Gains from sale of an inherited house shall be taxable as capital gains

The cost of acquisition and improvement, if any, made subsequent to the purchase, by you and your grandfather should be increased using the applicable Cost Inflation Index (CII) notified


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I am planning to sell a house bought by my grandfather in 2006, which I have inherited from him. How will the proceeds from the sale of this property taxed?

—Aarav Sinha

The gains from sale of the inherited house shall be taxable as ‘capital gains’. As it is inheritance, the period of holding of the house is counted from the date of acquisition of the house by an owner who has actually acquired the said asset, otherwise than by inheritance and gift. As the house had been held for more than 36 months, (since 2006), it shall be classified as long-term capital gains (LTCG).

The cost of acquisition and improvement, if any, made subsequent to the purchase, by you and your grandfather should be increased using the applicable Cost Inflation Index (CII) notified.

The LTCG will be the difference between net sale proceeds and indexed cost of acquisition and improvement, if any. You can avail an exemption from LTCG tax by reinvesting the LTCG in one new residential house located in India, within the specified time and condition laid down (section 54 of the income-tax Act) or in notified bonds (section 54EC) up to a cap of Rs50 lakh within 6 months of sale of the house.

The balance LTCG, if any, considering the aforesaid re-investment avenue, shall be taxed at a flat 20%. Also, surcharge, if applicable at 15% and education cess 3%, should be levied. If the sale consideration exceeds Rs50 lakh, the buyer of property will deduct tax at one percent assuming you are a tax resident of India (section 194IA).

I pay health insurance premium for myself and my parents, who are both senior citizens. Can I claim deduction for both the premiums paid?

—Kanv Atree

Yes, you can avail a deduction of up to Rs25,000 (including Rs5,000 towards preventive health check-ups) from your total income in respect of health insurance premium paid for self.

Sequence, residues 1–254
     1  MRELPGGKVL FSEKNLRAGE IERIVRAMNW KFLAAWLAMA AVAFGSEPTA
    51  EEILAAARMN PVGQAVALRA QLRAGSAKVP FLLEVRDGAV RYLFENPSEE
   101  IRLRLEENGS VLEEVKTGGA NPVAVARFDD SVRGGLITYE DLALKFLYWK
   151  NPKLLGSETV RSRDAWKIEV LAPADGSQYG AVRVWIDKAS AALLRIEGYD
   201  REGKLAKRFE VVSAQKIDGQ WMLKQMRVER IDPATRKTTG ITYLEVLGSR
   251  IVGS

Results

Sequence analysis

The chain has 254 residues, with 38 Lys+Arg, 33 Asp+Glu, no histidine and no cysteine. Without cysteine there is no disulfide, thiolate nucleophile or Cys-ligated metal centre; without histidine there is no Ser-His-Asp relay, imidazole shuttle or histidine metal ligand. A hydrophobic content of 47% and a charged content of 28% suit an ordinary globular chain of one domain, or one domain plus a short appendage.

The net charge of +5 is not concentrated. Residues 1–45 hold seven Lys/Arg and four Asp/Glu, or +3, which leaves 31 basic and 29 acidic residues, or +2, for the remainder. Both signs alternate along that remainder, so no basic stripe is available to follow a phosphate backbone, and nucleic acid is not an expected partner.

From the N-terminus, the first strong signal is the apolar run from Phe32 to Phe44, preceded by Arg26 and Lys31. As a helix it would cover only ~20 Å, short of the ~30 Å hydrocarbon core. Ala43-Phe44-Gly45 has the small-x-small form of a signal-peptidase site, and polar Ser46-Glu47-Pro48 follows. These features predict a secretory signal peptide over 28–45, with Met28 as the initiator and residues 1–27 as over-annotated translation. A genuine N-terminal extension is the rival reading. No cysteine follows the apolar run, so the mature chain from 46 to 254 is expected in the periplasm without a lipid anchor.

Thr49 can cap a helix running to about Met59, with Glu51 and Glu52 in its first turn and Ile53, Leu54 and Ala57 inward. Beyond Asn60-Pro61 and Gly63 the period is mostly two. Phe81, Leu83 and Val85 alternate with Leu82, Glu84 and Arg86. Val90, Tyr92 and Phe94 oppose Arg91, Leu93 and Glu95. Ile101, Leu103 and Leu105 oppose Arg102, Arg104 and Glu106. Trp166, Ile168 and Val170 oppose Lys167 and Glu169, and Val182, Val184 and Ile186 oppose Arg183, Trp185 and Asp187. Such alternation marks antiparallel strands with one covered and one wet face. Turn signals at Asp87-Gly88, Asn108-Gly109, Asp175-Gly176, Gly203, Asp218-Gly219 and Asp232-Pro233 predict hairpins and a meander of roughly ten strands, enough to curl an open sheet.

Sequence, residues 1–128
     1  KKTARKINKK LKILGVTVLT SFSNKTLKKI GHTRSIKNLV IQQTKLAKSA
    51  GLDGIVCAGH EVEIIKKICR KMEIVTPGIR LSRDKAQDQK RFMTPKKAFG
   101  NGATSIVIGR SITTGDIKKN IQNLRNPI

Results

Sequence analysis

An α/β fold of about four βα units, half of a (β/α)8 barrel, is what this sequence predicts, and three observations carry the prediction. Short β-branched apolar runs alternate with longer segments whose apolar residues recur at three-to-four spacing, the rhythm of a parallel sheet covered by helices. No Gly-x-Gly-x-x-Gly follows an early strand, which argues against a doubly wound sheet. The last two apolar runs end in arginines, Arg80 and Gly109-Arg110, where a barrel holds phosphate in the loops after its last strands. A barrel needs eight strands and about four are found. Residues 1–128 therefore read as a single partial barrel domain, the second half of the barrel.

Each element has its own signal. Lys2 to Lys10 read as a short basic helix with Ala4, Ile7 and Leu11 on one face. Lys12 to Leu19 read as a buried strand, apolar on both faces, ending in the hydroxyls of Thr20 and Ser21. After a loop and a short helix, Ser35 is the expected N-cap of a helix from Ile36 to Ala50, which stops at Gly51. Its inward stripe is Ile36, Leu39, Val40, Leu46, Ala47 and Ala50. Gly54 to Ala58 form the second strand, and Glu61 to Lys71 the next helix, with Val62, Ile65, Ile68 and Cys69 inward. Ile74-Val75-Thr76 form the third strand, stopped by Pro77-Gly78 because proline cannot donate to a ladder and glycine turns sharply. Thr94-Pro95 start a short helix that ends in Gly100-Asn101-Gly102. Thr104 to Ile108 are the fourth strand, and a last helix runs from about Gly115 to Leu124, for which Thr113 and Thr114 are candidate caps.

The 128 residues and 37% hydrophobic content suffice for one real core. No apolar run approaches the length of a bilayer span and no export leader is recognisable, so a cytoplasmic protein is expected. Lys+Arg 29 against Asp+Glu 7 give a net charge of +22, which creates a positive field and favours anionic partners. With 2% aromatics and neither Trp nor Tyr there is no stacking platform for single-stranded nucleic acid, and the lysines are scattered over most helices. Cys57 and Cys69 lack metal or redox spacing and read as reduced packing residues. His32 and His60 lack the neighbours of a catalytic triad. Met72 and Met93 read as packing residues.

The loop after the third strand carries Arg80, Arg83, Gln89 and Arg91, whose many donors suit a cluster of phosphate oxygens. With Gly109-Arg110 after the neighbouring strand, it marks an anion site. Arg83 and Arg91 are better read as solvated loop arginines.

Additionally, you can avail aggregate deduction of up to Rs30,000 (including Rs5,000 towards preventive health check-ups) towards health insurance premium paid for parents, who qualify as senior citizens (60 years or above during the relevant financial year (FY)). Accordingly, you can claim maximum deduction from total income up to Rs55,000 per FY.

The aforesaid deduction is available only if it is paid by any mode other than cash.

What will be the tax implications if I gift Rs2 lakh to my sister?

—Shweta Gupta

Any cash exceeding Rs50,000 received by an individual during the relevant FY, without or for inadequate consideration, is taxed under ‘Income from other sources’ in the hands of the recipient. An exemption is available if the said amount is received from relative, which includes the individual’s sister.

Thus, there should not be any tax implications in your sister’s hands. You shall also not be taxed on the above gift transaction.

With respect to the above transaction, it would be advisable to have documentation in place to substantiate the genuineness of the transaction.

We have assumed that your sister is a major (above the age of 18 years).

Accordingly, any subsequent income (i.e., interest or dividend) from investing of the aforesaid amount shall be taxable in your sister’s hands depending upon the nature of the income.

Please note that if your sister is a minor (i.e., below the age of 18 years), clubbing provisions will be applicable. Accordingly, the aforesaid subsequent income, if any, shall be included in the income of either of your parents, whose total income during the relevant FY is higher.

Parizad Sirwalla is partner (tax), KPMG India.

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